Algerians protest bill to boost foreign money in oil sector

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Algerians take part to a protest in front of their parliament against a bill aimed at attracting foreign investment to the oil and gas sector, which underpins the national economy in Algiers, Sunday, Oct. 13, 2019. (AP)
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Algerians take part to a protest in front of their parliament against a bill aimed at attracting foreign investment to the oil and gas sector, which underpins the national economy in Algiers, Sunday, Oct. 13, 2019. (AP)
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Algerians take part to a protest in front of their parliament against a bill aimed at attracting foreign investment to the oil and gas sector, which underpins the national economy in Algiers, Sunday, Oct. 13, 2019. (AP)
Updated 13 October 2019

Algerians protest bill to boost foreign money in oil sector

  • Protesters raised their fists and accused the government of selling out Algeria's resources

ALGIERS: Thousands of Algerians are protesting in front of their parliament against a bill aimed at attracting foreign investment to the oil and gas sector, which underpins the national economy.
Surrounded by police, protesters raised their fists and accused the government of selling out Algeria's resources and threatening their children's futures.
The bill has further angered anti-democracy protesters who have been demonstrating since February.
The government is discussing the bill Sunday. It argues that Algeria needs foreign investment to modernize the sector and make it more globally competitive. State-run gas and oil giant Sonatrach says the bill is needed to simplify Algeria's tax system.
Protest organizers include professor Noureddine Bouderba, who accuses Algeria's provisional government of offering favors to foreign companies in exchange for political support ahead of December's presidential election.


US declares Israeli settlements on occupied Palestinian land 'consistent' with international law

Updated 48 min 13 sec ago

US declares Israeli settlements on occupied Palestinian land 'consistent' with international law

  • The announcement by Secretary of State Mike Pompeo sparked anger among Palestinians
  • The move is the latest by the Trump administration seen as favoring the Israeli position over the Palestinians

WASHINGTON: The United States on Monday backed Israel’s right to build Jewish settlements in the occupied West Bank by abandoning its four-decade position that they were “inconsistent with international law.”

The announcement by Secretary of State Mike Pompeo sparked anger among Palestinians who say the settlements are the main barrier to their future state.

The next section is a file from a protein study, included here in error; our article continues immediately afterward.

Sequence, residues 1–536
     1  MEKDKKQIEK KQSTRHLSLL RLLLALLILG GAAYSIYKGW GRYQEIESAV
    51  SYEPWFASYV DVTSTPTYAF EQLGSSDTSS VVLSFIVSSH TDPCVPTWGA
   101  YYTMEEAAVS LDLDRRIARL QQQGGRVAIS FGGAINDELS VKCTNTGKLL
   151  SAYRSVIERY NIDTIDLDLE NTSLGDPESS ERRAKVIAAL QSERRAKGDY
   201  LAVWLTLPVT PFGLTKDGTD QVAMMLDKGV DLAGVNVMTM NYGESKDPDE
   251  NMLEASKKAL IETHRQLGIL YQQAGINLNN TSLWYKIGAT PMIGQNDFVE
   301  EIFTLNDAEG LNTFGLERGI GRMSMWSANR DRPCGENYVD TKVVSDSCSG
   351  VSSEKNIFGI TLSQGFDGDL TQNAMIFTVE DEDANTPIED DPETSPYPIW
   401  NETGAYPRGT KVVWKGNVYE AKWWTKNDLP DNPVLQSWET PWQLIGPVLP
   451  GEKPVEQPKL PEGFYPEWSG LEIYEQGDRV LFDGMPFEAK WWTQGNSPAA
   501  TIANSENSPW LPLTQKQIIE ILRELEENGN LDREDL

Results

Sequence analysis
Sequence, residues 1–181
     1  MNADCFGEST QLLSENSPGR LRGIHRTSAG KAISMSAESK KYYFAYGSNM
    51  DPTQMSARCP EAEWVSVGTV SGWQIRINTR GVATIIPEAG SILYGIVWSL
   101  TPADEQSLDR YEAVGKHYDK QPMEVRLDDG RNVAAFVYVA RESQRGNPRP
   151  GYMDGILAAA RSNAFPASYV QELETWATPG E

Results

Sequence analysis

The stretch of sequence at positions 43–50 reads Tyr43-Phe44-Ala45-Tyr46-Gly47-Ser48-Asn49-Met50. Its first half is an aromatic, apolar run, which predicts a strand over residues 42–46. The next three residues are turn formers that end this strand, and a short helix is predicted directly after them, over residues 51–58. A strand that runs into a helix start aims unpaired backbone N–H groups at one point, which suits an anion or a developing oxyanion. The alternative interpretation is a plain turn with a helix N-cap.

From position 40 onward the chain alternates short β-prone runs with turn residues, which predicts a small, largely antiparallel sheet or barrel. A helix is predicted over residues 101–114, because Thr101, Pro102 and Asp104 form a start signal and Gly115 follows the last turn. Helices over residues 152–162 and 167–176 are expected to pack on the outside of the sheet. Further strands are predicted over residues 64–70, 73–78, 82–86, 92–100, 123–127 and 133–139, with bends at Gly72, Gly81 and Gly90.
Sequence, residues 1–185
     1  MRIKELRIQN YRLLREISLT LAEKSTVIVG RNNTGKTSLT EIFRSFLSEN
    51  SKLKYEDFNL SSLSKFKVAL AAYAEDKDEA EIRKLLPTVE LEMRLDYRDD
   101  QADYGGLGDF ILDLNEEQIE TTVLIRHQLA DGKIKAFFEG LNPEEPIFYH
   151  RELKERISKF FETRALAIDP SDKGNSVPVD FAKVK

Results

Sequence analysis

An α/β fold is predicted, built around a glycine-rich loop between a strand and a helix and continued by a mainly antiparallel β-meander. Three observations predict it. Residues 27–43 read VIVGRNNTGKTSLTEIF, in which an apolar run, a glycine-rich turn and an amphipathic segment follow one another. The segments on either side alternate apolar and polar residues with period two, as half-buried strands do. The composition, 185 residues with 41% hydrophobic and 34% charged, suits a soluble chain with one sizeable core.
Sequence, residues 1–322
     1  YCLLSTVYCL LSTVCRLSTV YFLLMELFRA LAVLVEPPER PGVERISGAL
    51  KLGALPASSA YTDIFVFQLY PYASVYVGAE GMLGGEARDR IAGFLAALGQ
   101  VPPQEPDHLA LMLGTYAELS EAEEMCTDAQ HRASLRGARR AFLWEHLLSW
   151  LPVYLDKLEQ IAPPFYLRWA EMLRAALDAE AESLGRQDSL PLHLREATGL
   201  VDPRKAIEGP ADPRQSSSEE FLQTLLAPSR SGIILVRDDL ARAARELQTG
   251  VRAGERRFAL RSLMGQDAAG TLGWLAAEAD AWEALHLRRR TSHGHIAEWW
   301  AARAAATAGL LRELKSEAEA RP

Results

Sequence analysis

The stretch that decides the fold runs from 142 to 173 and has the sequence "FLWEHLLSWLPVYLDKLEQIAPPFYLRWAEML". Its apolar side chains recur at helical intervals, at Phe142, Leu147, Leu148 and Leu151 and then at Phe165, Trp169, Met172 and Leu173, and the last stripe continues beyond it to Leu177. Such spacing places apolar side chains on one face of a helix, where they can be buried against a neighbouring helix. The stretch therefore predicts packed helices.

The shift in US policy follows the Trump administration’s decision to relocate the US embassy in Israel to Jerusalem last year, a move seen as undermining Palestinian claims to the eastern half of the city as a future capital.

Pompeo said US statements about the settlements on the West Bank - which Israel captured during a 1967 war - had been inconsistent, saying Democrat President Jimmy Carter in 1978 found they were not consistent with international law and Republican President Ronald Reagan in 1981 said he did not view them as inherently illegal.

“The establishment of Israeli civilian settlements is not, per se, inconsistent with international law,” Pompeo told reporters at the State Department, drawing criticism from a senior Palestinian figure even before his announcement.

“Another blow to international law, justice & peace,” Hanan Ashrawi, a veteran Palestinian negotiator and member of the Palestine Liberation Organization's Executive Committee, said on Twitter ahead of Pompeo’s statement.

The announcement marked the third major instance in which the Trump administration has sided with Israel and against stances taken by the Palestinians and Arab states even before unveiling its long-delayed Israeli-Palestinian peace plan.

In 2017 Trump recognized Jerusalem as the capital of Israel before opening the embassy in the city. US policy had previously been that the status of Jerusalem was to be decided by the parties to the conflict.

In March, Trump recognized Israel’s 1981 annexation of the Golan Heights in a boost for Netanyahu that prompted a sharp response from Syria, which once held the strategic land.

Trump's move might have been designed to help Netanyahu as he struggles to stay in power. Israeli politics is deadlocked after two inconclusive elections this year. Former military chief Benny Gantz's centrist Blue and White party emerged neck and neck with Netanyahu following a September vote, and both leaders have struggled to put together a ruling coalition.

*With Reuters